Big Data

The 5 V’s of Big Data

Big Data is a big thing. It will change our world completely and is not a passing fad that will go away. To understand the phenomenon that is big data, it is often described using five Vs: Volume, Variety, Veracity, Value & Velocity.

1. Volume –  The main characteristic that makes data “big” is the sheer volume. It makes no sense to focus on minimum storage units because the total amount of information is growing exponentially every year. On Facebook, alone we send 10 billion messages per day, click the “like’ button 4.5 billion times and upload 350 million new pictures each and every day. If we take all the data generated in the world between the beginning of time, the same amount of data will soon be generated every minute! This increasingly makes data sets too large to store and analyse using traditional database technology. With big data technology we can now store and use these data sets with the help of distributed systems, where parts of the data is stored in different locations and brought together by software.

2. Variety –  Variety is one the most interesting developments in technology as more and more information is digitized. Traditional data types include things on a bank statement like date, amount, and time. These are things that fit neatly in a relational database.In the past we focused on structured data that neatly fits into tables or relational databases, such as financial data (e.g. sales by product or region). In fact, 80% of the world’s data is now unstructured, and therefore can’t easily be put into tables (think of photos, video sequences or social media updates). With big data technology we can now harness differed types of data (structured and unstructured) including messages, social media conversations, photos, sensor data, video or voice recordings and bring them together with more traditional, structured data.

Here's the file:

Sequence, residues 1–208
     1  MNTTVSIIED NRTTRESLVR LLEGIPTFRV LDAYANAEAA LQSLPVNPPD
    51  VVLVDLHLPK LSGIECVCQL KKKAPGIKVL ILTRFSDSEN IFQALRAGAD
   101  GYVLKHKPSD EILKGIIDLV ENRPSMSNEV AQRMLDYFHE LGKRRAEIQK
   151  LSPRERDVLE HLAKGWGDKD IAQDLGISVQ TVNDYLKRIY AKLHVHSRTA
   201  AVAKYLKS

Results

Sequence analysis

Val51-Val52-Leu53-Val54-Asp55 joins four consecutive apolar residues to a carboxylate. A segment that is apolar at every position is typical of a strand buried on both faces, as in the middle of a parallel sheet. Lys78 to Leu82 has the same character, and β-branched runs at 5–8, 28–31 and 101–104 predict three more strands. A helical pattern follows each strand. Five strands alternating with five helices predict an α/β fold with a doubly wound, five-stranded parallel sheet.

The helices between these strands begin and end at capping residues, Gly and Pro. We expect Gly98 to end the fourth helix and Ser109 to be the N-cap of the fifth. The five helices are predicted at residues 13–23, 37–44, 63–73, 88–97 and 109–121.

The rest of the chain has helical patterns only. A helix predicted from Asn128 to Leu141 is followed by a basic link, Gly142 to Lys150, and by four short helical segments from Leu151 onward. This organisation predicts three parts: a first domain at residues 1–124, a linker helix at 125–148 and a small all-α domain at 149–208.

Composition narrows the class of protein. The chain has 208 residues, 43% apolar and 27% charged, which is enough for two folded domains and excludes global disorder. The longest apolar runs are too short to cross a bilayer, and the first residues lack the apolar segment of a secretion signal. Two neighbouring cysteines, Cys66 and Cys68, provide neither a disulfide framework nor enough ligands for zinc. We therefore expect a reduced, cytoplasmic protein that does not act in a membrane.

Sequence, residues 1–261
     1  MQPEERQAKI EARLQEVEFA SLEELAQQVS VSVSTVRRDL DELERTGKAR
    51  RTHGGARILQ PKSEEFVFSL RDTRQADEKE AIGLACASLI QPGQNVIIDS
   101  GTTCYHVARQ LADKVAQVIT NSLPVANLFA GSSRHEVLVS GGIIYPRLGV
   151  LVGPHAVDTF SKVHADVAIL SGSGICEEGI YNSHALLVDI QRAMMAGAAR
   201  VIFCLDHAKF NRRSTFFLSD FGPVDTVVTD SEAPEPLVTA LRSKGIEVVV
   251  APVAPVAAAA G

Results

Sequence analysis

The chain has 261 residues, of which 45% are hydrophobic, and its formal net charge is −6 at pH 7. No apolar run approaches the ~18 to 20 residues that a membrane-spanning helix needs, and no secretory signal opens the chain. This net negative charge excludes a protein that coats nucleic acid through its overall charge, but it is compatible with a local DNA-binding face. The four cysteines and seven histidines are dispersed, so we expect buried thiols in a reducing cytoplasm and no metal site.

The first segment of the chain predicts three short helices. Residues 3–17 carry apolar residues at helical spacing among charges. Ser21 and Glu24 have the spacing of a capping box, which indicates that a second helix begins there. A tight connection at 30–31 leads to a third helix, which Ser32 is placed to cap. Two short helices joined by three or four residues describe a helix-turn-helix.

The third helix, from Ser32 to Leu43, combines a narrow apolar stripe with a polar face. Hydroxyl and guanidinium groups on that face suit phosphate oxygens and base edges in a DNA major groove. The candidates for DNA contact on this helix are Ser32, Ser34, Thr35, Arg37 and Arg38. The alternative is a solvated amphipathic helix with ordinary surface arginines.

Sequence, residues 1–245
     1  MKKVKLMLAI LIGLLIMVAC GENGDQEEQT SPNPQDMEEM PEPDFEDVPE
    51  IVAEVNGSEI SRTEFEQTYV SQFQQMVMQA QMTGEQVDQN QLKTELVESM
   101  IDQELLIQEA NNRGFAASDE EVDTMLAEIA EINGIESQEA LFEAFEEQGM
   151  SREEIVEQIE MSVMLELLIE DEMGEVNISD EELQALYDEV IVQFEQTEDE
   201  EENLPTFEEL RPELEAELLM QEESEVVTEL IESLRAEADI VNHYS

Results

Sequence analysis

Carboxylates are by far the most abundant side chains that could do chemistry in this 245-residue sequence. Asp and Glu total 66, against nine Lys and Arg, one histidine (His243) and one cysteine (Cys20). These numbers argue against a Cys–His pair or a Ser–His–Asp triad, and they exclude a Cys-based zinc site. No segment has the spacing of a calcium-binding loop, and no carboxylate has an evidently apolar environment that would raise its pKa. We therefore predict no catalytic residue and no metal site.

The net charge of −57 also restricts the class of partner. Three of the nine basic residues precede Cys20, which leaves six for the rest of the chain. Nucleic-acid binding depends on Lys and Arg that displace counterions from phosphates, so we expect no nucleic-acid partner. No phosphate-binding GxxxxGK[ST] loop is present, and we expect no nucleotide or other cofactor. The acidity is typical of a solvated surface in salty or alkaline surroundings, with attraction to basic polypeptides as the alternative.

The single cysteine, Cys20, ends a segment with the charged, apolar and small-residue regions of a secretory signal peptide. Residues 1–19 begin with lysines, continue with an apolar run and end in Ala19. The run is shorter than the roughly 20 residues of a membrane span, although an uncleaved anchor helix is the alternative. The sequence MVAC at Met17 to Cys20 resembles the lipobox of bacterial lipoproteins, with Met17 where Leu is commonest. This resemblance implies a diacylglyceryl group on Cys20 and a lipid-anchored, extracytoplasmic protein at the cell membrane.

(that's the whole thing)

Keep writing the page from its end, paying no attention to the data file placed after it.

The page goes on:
3. Veracity –  The messiness or trustworthiness of the data. With many forms of big data, quality and accuracy are less controllable (just think of Twitter posts with hash tags, abbreviations, typos and colloquial speech as well as the reliability and accuracy of content) but big data and analytics technology now allows us to work with these type of data. The volumes often make up for the lack of quality or accuracy.

4. Value –  Then there is another V to take into account when looking at Big Data: Value! It is all well and good having access to big data but unless we can turn it into value it is useless. So you can safely argue that ‘value’ is the most important V of Big Data. It is important that businesses make a business case for any attempt to collect and leverage big data. It is so easy to fall into the buzz trap and embark on big data initiatives without a clear understanding of costs and benefits.

5. Velocity –  Velocity is the frequency of incoming data that needs to be processed. Think about how many SMS messages, Facebook status updates, or credit card swipes are being sent on a particular telecom carrier every minute of every day, and you’ll have a good appreciation of velocity.


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